NEW YORK – A group of consumer and children’s advocates are renewing their legal battle with Facebook over teenagers’ privacy on the world’s largest online social network.
At issue is how the company uses the vast trove of information that its 1.23 billion users share on the site.
Facebook faced a class action lawsuit in 2011 over its use of people’s images in advertisements known as “sponsored stories.” This allowed companies to pay to retransmit users’ activities to their friends’ pages. If someone clicked the “like” button for a brand, the click could show up as a “sponsored story” on friends’ pages.
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To settle the lawsuit, Facebook agreed to pay $20 million to users and in charitable contributions and make changes to its privacy policies. The settlement was approved by a federal court last August, though appeals are pending.
On Thursday, the non-profit Public Citizen, along with six parents of teenagers, filed a legal brief in a federal appeals court in California saying the settlement should be rejected.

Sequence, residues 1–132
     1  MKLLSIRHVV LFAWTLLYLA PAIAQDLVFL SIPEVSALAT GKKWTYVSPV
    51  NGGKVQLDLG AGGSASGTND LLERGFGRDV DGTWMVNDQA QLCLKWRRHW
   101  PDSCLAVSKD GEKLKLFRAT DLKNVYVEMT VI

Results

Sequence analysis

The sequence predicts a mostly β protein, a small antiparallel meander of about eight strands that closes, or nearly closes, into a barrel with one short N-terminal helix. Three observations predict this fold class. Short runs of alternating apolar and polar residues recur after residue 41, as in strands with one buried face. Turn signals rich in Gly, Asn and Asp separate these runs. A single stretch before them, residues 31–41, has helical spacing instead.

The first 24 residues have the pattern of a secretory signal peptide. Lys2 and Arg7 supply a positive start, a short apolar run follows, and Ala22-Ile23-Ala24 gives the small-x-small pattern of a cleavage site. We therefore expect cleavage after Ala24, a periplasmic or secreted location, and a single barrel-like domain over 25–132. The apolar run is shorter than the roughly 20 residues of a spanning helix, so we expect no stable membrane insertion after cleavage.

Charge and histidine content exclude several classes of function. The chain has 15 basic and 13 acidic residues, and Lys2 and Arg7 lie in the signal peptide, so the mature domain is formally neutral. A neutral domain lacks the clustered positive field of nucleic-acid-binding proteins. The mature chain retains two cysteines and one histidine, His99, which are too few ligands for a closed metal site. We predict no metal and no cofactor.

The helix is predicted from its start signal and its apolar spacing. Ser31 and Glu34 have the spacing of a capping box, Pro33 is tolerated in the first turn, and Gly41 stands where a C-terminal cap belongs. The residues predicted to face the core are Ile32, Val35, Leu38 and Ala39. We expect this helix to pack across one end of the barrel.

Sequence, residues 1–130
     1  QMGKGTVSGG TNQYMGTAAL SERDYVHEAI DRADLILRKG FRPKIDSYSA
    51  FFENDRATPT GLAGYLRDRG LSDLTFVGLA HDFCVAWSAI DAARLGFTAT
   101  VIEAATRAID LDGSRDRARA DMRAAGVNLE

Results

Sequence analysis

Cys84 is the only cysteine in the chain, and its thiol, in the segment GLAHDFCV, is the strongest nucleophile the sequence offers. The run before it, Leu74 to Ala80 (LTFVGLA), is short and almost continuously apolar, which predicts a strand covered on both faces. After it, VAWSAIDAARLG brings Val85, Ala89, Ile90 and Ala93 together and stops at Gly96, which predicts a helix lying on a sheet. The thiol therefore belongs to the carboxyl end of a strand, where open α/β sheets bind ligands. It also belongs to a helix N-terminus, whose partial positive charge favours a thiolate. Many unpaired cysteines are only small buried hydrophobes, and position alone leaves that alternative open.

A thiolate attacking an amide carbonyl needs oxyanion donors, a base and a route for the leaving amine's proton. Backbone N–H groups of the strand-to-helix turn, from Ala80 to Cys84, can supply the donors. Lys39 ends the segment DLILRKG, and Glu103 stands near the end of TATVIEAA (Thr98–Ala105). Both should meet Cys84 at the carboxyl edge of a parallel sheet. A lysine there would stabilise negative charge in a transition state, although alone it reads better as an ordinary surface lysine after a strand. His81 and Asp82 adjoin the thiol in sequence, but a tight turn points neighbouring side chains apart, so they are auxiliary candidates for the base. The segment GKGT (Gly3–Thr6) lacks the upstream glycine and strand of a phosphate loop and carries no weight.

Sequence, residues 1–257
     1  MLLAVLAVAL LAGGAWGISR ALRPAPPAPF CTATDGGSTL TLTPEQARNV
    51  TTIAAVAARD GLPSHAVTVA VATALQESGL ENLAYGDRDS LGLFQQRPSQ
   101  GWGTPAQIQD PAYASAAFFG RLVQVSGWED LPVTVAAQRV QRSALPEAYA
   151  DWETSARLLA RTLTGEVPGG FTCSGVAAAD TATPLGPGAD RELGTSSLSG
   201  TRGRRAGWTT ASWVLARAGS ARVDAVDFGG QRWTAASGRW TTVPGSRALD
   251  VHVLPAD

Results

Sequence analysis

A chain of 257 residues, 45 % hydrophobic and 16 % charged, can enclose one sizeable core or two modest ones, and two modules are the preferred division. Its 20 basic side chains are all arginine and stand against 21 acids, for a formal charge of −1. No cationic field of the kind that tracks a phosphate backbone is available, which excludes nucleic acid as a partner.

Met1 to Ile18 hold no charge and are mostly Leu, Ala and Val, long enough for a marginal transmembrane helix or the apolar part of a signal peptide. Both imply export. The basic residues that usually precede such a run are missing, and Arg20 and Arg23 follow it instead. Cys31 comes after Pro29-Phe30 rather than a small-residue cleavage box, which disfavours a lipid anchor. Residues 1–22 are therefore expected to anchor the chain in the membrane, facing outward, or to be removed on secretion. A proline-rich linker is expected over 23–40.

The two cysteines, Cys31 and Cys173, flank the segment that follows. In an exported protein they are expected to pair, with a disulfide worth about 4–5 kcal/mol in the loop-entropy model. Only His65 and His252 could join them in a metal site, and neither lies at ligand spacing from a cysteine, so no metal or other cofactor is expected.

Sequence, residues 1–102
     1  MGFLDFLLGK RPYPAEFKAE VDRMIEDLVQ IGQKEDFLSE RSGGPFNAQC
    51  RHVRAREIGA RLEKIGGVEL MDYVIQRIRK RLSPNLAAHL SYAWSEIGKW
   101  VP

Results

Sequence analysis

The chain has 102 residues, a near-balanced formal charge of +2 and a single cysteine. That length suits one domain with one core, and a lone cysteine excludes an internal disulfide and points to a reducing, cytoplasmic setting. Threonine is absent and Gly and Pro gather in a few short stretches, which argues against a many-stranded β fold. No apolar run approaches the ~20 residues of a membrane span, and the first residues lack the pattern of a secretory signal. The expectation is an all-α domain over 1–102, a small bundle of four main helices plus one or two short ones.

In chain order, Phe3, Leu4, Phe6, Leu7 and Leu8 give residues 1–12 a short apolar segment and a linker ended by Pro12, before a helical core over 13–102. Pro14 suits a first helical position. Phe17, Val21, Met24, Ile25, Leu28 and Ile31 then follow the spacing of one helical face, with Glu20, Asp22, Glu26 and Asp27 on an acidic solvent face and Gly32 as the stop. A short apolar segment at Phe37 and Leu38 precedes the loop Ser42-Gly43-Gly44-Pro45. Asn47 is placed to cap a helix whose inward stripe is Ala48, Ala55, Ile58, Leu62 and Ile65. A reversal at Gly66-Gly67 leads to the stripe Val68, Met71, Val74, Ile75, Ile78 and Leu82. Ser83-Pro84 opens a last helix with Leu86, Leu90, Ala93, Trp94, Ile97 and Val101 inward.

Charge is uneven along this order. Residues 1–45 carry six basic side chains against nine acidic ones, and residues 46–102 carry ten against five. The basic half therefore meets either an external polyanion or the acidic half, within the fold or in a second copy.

Public Citizen and supporting groups, such as the Center for Digital Democracy, argue that the settlement should have not been approved because using minors’ images in ads without parental consent violates the law in seven states.
“Class-action settlements are supposed to compensate people for wrongdoing and deter the defendant from engaging in the bad behaviour in future. This settlement does neither,” said Scott Michelman, the Public Citizen attorney handling the case, in a statement.
Jodi Seth, a spokeswoman for Facebook, said that the settlement “goes beyond what any other company has done to provide consumers visibility into and control over their information in advertising.”
Margaret Becker, one of the parents involved in the lawsuit, said she didn’t know about Facebook’s practice of using users’ images in ads until a friend mentioned it to her. Her daughter said she saw her image pop up in a sponsored link on a friend’s Facebook page. It was for a band she liked.
“Her liking a band, that’s fine, I don’t have any problem mentioning to her friends that she likes a band,” Becker said. “(But) that’s really different from her being an advertisement for that band.”
© The Canadian Press, 2014